Thinking about throwing your hat in the ring of this year’s Retired Racehorse Project Thoroughbred Makeover? Do it! The trainer application process opened today, Dec. 7, and runs through Feb. 28, 2017.
For roundabout the cost of a regular horse trial, you could not only jump-start the career of an off-track horse but also be part of the biggest OTTB lovefest of the year. The 2017 Thoroughbred Makeover and National Symposium takes place October 5-8 at the Kentucky Horse Park and will feature competition in 10 disciplines ranging from eventing to barrel racing and polo.
Horses and their trainers will compete for $100,000 in prize money and the title of America’s Most Wanted Thoroughbred. The event includes seminars, demonstrations, sponsor fair, and a livestreamed finale featuring the top three horses in each discipline.
Detailed information is available at the RRP website but here’s a fast and dirty eventer’s guide:
How do I apply to be a Makeover trainer?
The Makeover is open to all members of RPP so if you aren’t already you’ll need to join. Membership is $45 a year and has several perks including a one-year subscription to Off-Track Thoroughbred Magazine, a copy of Retired Racehorse Resource Directory, a free ticket to the Thoroughbred Makeover, discounts from sponsors and other benefits. Professionals, amateurs and juniors are all welcome to apply.
The next step is filling out an online trainer application, which asks for competition highlights, references, and videos of your riding skills. The application window is Wednesday, Dec. 7, 2016 through Feb. 28, 2017. See trainer forms and documents here.
There’s a $200 entry fee; if not accepted the fee will be returned minus a $25 processing fee.
Is my OTTB eligible?
The Makeover is open to Jockey Club registered horses that raced or had a published work after July 1, 2015. They must not have begun training for a second career before Dec. 1, 2016 other than a maximum of 15 allowable rides or training sessions that introduce skills specific to non-racing careers. Some trainers will already have horses identified and others will begin a search after they are approved. Trainers can contract with owners or acquire the horse themselves.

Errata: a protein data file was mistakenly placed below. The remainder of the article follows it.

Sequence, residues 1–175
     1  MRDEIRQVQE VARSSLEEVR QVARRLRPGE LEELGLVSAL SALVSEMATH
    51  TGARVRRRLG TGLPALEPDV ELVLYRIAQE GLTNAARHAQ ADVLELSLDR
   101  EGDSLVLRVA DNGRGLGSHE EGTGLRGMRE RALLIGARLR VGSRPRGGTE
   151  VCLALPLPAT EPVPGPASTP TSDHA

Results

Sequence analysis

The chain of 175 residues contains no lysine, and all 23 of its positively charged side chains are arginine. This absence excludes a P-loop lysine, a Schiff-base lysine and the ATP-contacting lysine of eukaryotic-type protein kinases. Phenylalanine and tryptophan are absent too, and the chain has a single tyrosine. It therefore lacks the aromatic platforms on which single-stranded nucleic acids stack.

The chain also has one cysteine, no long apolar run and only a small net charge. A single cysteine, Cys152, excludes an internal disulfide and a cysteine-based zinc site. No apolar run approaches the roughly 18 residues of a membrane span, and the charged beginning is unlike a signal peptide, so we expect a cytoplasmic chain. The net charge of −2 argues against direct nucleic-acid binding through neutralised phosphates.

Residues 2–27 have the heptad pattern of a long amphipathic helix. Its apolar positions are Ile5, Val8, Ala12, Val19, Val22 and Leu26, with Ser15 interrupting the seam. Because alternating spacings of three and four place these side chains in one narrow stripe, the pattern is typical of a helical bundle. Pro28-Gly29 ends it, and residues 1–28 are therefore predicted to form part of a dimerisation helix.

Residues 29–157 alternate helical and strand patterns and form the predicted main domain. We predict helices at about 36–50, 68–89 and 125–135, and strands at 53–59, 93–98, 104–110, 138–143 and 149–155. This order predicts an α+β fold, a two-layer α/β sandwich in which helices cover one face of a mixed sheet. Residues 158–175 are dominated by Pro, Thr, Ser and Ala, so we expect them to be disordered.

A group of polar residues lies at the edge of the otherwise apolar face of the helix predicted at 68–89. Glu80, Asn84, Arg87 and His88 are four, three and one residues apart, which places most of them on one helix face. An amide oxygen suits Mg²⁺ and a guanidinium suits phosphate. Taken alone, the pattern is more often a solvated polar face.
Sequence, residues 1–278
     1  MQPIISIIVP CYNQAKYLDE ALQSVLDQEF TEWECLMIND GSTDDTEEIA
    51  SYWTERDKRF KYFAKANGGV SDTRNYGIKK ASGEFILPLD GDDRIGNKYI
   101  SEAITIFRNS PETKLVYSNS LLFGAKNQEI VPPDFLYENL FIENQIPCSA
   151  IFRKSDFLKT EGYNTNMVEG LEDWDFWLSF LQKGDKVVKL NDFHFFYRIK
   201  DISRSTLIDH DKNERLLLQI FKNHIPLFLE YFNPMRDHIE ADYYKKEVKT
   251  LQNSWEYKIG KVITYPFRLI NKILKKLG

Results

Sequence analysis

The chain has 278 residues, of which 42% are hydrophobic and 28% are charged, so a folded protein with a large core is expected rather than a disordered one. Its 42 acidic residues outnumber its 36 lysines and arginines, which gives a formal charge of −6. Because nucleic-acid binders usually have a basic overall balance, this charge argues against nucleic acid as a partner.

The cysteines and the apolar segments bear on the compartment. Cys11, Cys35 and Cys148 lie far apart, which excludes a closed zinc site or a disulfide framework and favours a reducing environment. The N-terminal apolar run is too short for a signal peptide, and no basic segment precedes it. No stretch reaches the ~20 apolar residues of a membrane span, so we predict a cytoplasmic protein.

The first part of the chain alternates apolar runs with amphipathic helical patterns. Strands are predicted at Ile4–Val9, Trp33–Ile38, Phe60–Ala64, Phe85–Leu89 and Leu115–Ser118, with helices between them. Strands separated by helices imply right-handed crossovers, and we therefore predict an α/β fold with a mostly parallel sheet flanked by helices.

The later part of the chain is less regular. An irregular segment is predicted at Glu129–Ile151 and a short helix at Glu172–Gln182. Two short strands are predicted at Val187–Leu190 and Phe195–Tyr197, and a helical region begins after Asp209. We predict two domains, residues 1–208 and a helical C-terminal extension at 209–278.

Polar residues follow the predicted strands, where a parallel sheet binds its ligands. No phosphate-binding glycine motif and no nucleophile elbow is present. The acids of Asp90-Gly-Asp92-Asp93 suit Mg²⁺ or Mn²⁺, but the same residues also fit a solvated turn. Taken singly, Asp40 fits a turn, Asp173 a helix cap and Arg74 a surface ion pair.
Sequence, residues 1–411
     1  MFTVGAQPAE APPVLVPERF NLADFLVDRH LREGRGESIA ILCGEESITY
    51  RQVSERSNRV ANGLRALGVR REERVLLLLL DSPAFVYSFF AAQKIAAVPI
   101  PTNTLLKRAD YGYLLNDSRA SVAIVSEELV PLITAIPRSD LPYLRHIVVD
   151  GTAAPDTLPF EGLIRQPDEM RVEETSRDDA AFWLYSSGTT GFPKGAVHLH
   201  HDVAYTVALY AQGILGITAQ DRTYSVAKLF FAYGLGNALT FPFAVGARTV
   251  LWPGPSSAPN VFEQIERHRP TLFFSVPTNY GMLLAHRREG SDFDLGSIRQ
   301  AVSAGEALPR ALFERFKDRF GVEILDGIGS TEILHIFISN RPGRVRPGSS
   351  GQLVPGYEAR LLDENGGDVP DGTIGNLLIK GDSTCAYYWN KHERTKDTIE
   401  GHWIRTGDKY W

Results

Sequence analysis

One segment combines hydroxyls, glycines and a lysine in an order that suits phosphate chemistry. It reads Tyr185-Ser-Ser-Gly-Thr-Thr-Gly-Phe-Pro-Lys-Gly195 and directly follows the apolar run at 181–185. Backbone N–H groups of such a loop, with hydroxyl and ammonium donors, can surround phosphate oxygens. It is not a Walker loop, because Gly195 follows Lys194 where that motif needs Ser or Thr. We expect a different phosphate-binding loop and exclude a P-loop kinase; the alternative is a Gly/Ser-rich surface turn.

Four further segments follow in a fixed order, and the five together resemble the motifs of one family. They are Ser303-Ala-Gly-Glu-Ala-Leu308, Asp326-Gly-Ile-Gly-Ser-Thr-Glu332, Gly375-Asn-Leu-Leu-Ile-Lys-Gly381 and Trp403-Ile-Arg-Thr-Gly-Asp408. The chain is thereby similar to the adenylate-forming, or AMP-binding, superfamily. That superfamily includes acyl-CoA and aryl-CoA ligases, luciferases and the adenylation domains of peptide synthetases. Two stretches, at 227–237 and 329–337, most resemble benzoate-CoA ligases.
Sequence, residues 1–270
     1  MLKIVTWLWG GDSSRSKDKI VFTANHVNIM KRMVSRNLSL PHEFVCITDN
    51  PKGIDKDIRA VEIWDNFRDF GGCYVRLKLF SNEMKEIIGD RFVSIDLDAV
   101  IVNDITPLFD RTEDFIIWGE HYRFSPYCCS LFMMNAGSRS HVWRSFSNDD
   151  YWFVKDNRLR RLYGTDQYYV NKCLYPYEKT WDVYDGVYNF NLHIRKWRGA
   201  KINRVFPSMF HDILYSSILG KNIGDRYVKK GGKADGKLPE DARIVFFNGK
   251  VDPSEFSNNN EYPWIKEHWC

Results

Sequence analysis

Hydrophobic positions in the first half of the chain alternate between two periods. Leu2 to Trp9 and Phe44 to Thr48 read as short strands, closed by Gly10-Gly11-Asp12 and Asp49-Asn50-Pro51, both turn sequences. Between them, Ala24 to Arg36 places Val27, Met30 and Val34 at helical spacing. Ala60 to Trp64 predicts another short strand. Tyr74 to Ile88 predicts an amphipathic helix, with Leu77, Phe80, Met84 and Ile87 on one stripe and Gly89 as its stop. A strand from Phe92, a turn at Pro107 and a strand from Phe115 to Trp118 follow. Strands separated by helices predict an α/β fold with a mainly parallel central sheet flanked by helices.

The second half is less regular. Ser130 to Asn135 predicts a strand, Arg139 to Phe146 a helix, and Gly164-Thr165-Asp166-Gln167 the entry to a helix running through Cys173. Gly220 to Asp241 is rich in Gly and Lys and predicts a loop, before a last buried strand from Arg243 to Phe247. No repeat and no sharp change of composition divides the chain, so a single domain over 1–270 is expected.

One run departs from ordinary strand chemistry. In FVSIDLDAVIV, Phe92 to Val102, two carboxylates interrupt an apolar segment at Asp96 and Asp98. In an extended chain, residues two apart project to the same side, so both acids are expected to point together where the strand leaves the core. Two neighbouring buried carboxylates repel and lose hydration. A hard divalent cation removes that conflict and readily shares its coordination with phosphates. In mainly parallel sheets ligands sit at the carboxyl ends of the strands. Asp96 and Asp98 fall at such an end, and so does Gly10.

How many OTTBs can I enter?
New for 2017, all approved trainers may enter up to two horses.
What does it cost?
There’s a $200 entry fee; if not accepted the fee will be returned minus a $25 processing fee. Other expenses, such as stabling at the competition, are outlined here.
What if I need to withdraw my OTTB?
Trainers may withdraw a horse from the Makeover at any time using the online Makeover Horse Withdrawal Form. Trainers may replace a scratched horse with any eligible horse as late as August 1, 2017. Replacement horses must be registered with the online Makeover Horse Registration Form.
What does the Makeover competition for eventing entail?
Format for dressage: All horses will perform USEF 2015 Beginner Novice Eventing Test A in a small arena (20m x 40m).
Note: The jumping format has changed from 2016 and will now feature a separate show jumping course and a longer cross country course. Rather than the combined jumping with only six to eight cross country fences it will feel more like a horse trials with all three phases.
Format for Show Jumping: All horses will be judged over a course set at dimensions for United States Eventing Association (USEA) Beginner Novice (2’7” maximum), Novice (2’11” maximum), or Training (3’3” maximum). Trainers will select their level with their final entry form in August.
Format for Cross Country: All horses will be judged over a cross country course of approximately twelve obstacles. Each obstacle will have at least two options, one at Beginner Novice dimensions (2’7”) and the other at Novice (2’11”). Optional fences may be offered for riders to demonstrate a higher level of training as well. Riders should jump the obstacle choice that best demonstrates the quality and level of their horse’s training. They need not jump all fences at the same level.
Finale: The top three scoring horses will compete for additional points in the finale, demonstrating basic work on the flat and jumping a course that includes show jumps and cross country portables in the covered arena.
Attire and equipment should adhere to that described in USEF Rules for Eventing.
The scoring system for eventing has been simplified from 2016 — view the new scoring guidelines here.
What happens after the Makeover is over?
Owners can choose to keep their horses at the end of the process or offer them for sale. The Makeover Horse Sale is not an auction but an opportunity for buyers and sellers to do business in a setting that allows trial rides, pre-purchase exams, and observation of horses in competition.
For much more information, visit the RRP website.
Go OTTBs. Go Eventing.